THE AGE OF ADALINE
*** (out of 5)
April 24, 2015
Blake Lively as ADALINE BOWMAN
Michiel Huisman as ELLIS JONES
Harrison Ford as WILLIAM JONES
Ellen Burstyn as FLEMMING
Kathy Baker as KATHY JONES
Amanda Crew as KIKKI JONES
Directed by: Lee Toland Krieger
BY KEVIN CARR
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When it comes to cinema romances, I tend to enjoy romantic comedies much more than I do romantic dramas. My biggest beef with the dramas is that they can become overly melodramatic and emotionally brittle. If you need proof of this, just set your sites on anything Nicholas Sparks has had his hands on, and you’ll see what I’m talking about.
However, I realize that I am not the target market for these movies so as long as they don’t bore me to death, I can be somewhat forgiving with them. Throw in some fantastical element into the mix, and I might be even more forgiving.
“The Age of Adaline” uses its fantastical element to its advantage, and you’re left with a tale that is cut from the same cloth as “The Lake House” and “The Time Traveler’s Wife.” These are not great movies by any stretch of the imagination, but they allow for a more sweeping emotional journey of unrequited love and obstacles which can seem overblown in a film grounded entirely in reality.
In “The Age of Adaline,” Blake Lively plays Adaline Bowman, a woman who lived a relatively normal life until a car accident and subsequent lightning strike caused her to stop aging. Over the years, Adaline learned that she had to hide her gift from others, and she ends up changing her identity every decade or so to not raise suspicions. However, when she finally falls in love with someone in the modern age, she reassesses the way she has been spending her unnatural life.
There’s a lot of care put into this movie to not make it look like a made-for-TV film, which is something that plagues many modern period pieces. However, the cinematography is careful and sometimes even gorgeous. Likewise, the film is populated by a pretty strong acting slate. Even Lively, who isn’t a great actress, manages to hold her own against Harrison Ford, Kathy Baker and Ellen Burstyn.
There are plenty of problems with this film, however. There’s an awkward narration that shows up throughout the film to keep the audience up to speed. It’s a lazy convention of screenwriting, and the “tell, don’t show” nature of this softens any real impact on the film and the character of Lively.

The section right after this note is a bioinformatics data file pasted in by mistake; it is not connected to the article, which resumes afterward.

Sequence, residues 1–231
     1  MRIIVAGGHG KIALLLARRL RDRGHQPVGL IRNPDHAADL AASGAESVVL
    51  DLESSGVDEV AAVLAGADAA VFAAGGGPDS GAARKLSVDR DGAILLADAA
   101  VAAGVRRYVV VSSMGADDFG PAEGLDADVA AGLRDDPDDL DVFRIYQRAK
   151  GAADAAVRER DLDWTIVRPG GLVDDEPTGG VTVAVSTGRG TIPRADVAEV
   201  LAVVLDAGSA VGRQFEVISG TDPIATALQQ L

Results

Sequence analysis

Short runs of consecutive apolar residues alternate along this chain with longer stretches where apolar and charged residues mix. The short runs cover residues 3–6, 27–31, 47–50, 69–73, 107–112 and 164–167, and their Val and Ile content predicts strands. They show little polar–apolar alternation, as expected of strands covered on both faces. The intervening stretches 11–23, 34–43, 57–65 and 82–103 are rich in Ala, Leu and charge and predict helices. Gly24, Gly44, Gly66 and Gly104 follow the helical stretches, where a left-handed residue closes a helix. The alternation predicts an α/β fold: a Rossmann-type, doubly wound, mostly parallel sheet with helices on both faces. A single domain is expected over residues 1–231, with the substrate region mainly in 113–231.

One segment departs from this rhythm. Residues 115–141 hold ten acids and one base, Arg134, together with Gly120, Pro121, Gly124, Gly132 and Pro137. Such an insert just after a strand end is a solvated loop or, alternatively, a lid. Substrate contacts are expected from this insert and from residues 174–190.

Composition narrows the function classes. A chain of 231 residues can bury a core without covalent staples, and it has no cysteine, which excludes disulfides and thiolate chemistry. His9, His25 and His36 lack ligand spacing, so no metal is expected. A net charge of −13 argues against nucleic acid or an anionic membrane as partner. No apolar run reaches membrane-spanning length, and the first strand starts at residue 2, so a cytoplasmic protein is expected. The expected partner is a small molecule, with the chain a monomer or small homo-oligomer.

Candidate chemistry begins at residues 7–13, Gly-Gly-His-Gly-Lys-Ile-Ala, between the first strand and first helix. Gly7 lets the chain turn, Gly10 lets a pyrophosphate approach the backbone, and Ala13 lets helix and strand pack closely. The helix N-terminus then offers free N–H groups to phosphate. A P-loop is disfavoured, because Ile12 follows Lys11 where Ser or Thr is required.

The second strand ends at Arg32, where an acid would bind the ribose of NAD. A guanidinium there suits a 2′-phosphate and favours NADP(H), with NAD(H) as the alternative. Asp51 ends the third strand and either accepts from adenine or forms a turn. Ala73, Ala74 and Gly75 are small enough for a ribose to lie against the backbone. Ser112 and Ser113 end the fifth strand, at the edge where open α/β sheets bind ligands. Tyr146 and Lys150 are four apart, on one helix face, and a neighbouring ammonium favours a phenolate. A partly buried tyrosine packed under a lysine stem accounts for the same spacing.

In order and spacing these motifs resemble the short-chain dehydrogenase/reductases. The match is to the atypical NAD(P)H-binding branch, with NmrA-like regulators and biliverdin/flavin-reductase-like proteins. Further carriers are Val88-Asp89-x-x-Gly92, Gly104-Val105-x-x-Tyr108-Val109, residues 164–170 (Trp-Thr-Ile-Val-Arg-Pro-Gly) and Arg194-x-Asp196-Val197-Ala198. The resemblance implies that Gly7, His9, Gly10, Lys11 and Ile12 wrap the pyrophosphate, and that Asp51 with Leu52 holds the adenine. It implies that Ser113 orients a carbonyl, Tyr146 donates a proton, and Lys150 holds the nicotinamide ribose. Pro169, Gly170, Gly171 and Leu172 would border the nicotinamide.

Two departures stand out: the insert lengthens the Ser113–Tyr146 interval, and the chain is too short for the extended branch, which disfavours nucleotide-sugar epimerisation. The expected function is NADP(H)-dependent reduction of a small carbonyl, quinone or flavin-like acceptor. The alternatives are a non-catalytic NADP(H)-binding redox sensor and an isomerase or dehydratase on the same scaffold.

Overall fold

Another problem, which is common with many romances – both dramas and comedies alike – is a sometimes painfully predictable plot, filled with wild coincidences. I suppose I can let a lot of these issues slide because the movie is in essence just pulp fiction for the romance crowd. It doesn’t purport to be a brilliantly-written piece.
Additionally, the character of Adaline is not very well developed. More over, she is all about vanity, choosing to completely change her identity periodically than to slowly stop wearing make-up to reduce her youthful vitality. The dark edge of “The Age of Adaline” comes when you realize that the title character is obsessed with youth, abandoning almost everyone of consequence in her life when they start pushing 30.
I understand the need to make Adaline a bit of a blank slate. This way, the audience can project themselves on her and live vicariously through her actions, bringing with them their own idiosyncrasies and not be hampered by much of a personality. After all, this is a key element to many pieces of romance fiction, to get the audience to identify with the heroine by not offering much of anything to conflict with their own personalities.
Still, with all these warts, “The Age of Adaline” still serves its purpose for a date night movie. It’s not my cup of tea, and to be honest, I was dreading the screening when it approached. However, considering all of this, the movie is certainly watchable.